A nice little fruitcake, like everyone else.
When we were kids, it was a big deal. We had a huge family, and my grandparents had a big ole house. We’d draw names, and then get a present for whosever name we’d drawn and there was a limit, but I dont’ remember now what it was.
I don’t really remember ever wanting anything really fanatically for christmas like the kids nowadays seem to do (Oh my God, stop me), like the Tickle Me Elmos or whatever the version of TME is this Christmas. We just had fun opening stuff and being surprised. I honestly don’t remember very many actual presents, other than the ones my mom gave fairly often (barbie stuff, hairbrushes and girlie things in our stockings when we got older)
If we really wanted something specific, we’d campaign to get it just because we wanted it, at the time we wanted it, regardless of the time of year, but not because Christmas was approaching.
Anyway, sorry I wandered off.
No, as I mentioned in another thread, most of our immediate family (since we’re now spread to the far ends of the earth, my sister and I in AK, cousins from WA state to Scotland and so on), we mostly call and wish happy holidays, or send a card. Up until my grandmother died, we still got a five dollar check (what comedian did the bit about what you started at is a locked rate?). I still have the last one she sent. I never cashed it.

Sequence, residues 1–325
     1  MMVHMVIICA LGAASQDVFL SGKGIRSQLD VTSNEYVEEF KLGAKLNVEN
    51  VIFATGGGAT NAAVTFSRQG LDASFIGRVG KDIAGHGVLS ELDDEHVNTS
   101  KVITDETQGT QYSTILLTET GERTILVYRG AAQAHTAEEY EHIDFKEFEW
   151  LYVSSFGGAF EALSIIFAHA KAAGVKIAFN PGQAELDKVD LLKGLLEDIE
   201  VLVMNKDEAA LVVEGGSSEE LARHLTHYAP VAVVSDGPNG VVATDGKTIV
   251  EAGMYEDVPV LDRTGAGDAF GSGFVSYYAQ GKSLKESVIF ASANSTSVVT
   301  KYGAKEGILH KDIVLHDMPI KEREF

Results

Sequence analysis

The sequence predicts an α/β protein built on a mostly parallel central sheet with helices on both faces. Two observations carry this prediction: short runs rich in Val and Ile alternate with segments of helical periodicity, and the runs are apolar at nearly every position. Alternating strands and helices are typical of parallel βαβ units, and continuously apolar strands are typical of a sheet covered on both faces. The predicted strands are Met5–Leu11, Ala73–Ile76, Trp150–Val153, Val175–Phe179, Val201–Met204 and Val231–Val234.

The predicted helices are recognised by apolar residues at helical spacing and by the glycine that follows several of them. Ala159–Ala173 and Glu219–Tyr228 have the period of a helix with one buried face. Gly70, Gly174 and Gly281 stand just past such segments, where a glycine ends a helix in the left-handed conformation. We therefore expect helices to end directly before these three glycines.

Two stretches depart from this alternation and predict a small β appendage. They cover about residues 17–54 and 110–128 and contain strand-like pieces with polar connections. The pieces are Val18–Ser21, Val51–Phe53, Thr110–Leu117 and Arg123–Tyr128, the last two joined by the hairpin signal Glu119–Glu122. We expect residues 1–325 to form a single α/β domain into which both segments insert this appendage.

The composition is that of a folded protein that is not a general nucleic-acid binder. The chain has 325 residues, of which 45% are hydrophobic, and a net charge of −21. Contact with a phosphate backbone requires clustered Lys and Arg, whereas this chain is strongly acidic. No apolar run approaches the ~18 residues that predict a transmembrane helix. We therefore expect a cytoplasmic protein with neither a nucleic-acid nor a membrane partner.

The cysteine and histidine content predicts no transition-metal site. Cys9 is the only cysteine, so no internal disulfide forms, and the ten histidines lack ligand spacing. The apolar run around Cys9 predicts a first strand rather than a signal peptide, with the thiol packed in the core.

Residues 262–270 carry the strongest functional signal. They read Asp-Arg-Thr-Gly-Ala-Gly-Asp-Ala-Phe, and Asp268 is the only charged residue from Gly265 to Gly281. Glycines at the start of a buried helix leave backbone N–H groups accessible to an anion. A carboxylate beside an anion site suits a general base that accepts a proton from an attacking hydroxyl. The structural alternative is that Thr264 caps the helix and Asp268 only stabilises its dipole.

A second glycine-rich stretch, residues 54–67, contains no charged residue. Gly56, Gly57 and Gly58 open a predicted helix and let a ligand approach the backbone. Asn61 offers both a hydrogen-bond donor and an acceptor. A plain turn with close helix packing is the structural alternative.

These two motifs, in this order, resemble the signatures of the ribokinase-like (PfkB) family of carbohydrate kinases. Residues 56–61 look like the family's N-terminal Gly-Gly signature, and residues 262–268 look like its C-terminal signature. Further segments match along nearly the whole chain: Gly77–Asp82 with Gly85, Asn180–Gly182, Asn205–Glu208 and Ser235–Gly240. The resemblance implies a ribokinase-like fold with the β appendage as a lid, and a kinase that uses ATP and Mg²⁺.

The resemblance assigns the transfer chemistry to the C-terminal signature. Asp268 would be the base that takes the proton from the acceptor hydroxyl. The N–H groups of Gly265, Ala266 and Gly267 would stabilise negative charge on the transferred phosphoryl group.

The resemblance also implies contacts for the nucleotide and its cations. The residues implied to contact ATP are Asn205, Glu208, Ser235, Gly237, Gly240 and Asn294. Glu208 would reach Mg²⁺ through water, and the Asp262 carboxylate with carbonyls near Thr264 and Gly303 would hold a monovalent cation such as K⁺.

Ooops, wandered again, I could go on for pages about wonderful family memories that have nothing to do with presents.
Anyway, about 10 years ago, my mom, sister, daughter (who was mid teens) and I started a new personal Xmas tradition. We didn’t buy anything for xmas, except for my son, who was then very little (and he’s just now a teen, so we still get stuff for him. Even my son, who’s a teen says “eeeh, I dunno, anything’s cool” when asked “what do you want for Xmas”).
But the next day, we took what we WOULD have spent on exorbitant, way overinflated pre-xmas prices, and we went shopping the xmas sales. We had lunch someplace fun, and we went to a movie.
It was sort of a “why don’t we try…” the first time, but it was such a hit, that it went on until my mom and daughter moved from Ak. My sister and I will likely carry on the tradition this year as well.
I HIGHLY recommend it (boyCOTT, boyCOTT, boyCOTT, boyCOTT!!!), even men could do it, you know, you could shop someplace “guyish”, and maybe go see a game or something? (not that ALL men have to be guyish).
Remember: boyCOTT, boyCOTT, boyCOTT, boyCOTT, boyCOTT, boyCOTT, boyCOTT, boyCOTT!!!